Thanks to star players such as the "Thai Messi," Japan's professional soccer league is alive and kicking in popularity in Thailand, some 4,000 kilometers away.

Midfielder Chanathip, 27, who stars for Hokkaido Consadole Sapporo, earned the moniker for his outstanding play, reminiscent of Lionel Messi, a member of the Argentine national team.

Chanathip contributed to winning the 2014 ASEAN Football Federation (AFF) Championship as part of the Thai national squad, when he became the youngest MVP in the history of the championship.

Chanathip joined Consadole Sapporo in summer 2017. He is also expected to play a major role as a member of a club team in Europe in the future.

According to officials of the Japan Professional Football League, its three-year broadcasting rights contract with a Thai media company for the 2020-2022 season increased by about fivefold from the 2017-2019 season.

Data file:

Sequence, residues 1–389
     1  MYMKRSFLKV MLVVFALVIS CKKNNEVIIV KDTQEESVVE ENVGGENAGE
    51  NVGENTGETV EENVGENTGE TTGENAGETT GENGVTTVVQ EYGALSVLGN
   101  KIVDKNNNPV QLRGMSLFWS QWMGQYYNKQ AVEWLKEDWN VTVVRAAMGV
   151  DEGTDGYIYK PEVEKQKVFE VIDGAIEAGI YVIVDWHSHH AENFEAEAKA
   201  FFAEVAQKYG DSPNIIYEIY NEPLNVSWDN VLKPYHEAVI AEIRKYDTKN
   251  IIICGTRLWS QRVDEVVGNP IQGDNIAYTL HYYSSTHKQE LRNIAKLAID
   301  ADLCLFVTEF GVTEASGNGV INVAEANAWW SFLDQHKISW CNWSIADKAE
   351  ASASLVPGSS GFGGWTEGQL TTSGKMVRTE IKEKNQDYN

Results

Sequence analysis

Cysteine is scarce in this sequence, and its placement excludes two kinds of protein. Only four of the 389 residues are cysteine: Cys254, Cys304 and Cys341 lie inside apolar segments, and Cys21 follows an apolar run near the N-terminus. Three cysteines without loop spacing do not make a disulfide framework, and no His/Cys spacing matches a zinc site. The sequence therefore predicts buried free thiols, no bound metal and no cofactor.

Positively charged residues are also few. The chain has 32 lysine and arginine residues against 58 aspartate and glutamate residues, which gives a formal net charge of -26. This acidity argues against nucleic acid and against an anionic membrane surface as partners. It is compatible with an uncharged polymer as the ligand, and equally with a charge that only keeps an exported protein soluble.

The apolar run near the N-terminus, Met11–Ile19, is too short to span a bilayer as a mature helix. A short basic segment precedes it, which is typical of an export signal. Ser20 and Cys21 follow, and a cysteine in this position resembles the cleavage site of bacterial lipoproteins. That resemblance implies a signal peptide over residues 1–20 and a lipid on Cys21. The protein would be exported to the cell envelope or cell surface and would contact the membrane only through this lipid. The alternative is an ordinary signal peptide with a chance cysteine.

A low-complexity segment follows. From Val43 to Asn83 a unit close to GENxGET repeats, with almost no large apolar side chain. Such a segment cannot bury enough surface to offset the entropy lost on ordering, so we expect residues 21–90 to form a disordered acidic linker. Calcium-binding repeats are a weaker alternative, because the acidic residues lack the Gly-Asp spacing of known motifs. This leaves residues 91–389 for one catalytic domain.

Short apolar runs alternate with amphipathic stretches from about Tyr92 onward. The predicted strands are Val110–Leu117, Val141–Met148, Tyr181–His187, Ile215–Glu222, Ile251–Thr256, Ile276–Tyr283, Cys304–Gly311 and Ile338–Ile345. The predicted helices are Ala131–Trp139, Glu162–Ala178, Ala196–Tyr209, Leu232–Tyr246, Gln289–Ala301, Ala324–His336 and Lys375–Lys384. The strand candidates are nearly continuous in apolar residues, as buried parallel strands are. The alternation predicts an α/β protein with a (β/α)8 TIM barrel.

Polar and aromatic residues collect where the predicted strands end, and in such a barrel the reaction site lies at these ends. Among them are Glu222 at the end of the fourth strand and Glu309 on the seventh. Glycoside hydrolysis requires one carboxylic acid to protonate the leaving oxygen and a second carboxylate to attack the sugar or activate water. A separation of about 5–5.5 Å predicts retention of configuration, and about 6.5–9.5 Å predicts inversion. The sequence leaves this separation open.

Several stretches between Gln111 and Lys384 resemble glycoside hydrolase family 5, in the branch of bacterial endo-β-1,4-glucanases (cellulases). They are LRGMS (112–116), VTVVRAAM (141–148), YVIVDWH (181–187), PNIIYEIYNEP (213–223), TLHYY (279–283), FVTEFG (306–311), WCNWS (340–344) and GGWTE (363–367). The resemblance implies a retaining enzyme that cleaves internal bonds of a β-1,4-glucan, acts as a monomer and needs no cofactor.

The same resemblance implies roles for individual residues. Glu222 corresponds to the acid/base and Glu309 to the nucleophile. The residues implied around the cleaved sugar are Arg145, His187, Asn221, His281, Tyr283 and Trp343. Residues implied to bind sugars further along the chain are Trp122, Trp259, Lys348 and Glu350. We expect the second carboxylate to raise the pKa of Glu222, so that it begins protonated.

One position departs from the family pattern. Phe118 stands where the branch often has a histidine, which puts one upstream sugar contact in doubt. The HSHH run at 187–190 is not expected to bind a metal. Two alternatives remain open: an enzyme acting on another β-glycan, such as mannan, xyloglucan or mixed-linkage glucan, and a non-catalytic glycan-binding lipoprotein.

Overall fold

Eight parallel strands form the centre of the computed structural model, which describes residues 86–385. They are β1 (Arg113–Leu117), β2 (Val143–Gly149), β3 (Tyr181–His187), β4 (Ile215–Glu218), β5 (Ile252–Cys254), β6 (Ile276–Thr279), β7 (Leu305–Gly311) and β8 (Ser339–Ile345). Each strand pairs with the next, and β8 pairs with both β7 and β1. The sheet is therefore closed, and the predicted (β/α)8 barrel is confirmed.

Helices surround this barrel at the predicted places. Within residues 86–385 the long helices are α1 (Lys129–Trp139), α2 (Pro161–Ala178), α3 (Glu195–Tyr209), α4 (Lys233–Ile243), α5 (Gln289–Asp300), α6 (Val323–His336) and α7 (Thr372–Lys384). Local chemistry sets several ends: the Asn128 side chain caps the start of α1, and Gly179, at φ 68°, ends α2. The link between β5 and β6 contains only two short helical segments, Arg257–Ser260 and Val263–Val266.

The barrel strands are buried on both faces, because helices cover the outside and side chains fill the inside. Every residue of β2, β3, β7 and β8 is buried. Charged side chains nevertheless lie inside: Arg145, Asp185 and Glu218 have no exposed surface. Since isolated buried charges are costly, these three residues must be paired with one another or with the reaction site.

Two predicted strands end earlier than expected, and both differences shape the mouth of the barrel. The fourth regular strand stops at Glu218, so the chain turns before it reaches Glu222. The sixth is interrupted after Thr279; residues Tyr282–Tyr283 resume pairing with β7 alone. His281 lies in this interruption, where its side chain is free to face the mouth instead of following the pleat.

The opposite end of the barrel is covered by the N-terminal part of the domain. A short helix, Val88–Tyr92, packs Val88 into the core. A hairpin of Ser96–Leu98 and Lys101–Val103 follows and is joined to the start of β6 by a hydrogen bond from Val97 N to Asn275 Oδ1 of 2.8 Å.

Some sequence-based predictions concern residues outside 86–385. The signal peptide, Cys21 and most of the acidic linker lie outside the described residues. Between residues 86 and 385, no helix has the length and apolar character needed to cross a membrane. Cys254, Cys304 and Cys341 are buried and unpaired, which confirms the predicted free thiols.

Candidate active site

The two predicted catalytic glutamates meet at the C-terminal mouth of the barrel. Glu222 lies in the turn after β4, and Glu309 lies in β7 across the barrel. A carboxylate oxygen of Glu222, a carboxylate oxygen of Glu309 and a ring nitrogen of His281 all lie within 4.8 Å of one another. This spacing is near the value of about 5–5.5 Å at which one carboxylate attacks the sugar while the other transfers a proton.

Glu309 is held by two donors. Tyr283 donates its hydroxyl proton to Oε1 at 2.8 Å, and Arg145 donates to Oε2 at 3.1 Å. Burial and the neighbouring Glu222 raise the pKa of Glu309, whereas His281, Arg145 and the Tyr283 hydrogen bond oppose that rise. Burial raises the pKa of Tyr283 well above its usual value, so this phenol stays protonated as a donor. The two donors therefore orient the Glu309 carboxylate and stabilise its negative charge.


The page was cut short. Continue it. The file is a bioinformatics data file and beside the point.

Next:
The organization declined to disclose the amount.

In Thailand, J.League-related topics have been increasingly searched over the internet since Chanathip joined the Japanese club team.

The number of online articles containing "J.League" as a key word was 745 in 2016 before the figure rose to 2,315 in 2017. In 2020, 4,880 articles were found on the internet as of the end of November, about seven times the total for all of 2016.

In addition to Chanathip, other Thai footballers also played in the J1 division last year. They included Yokohama F Marinos defender Theerathon and Shimizu S-Pulse forward Teerasil Dangda, who left the team in December.

The J.League has also been making efforts to raise its profile by operating a train decorated with the faces of its players and hosting public viewing events of its games.

"Our efforts in Thailand can be a (business model)," said Kei Koyama, a J.League Inc. official who works for its global business to promote the league. 

The company also plans to promote Japan's soccer league in the South and North Americas, the Middle East and elsewhere in various formats.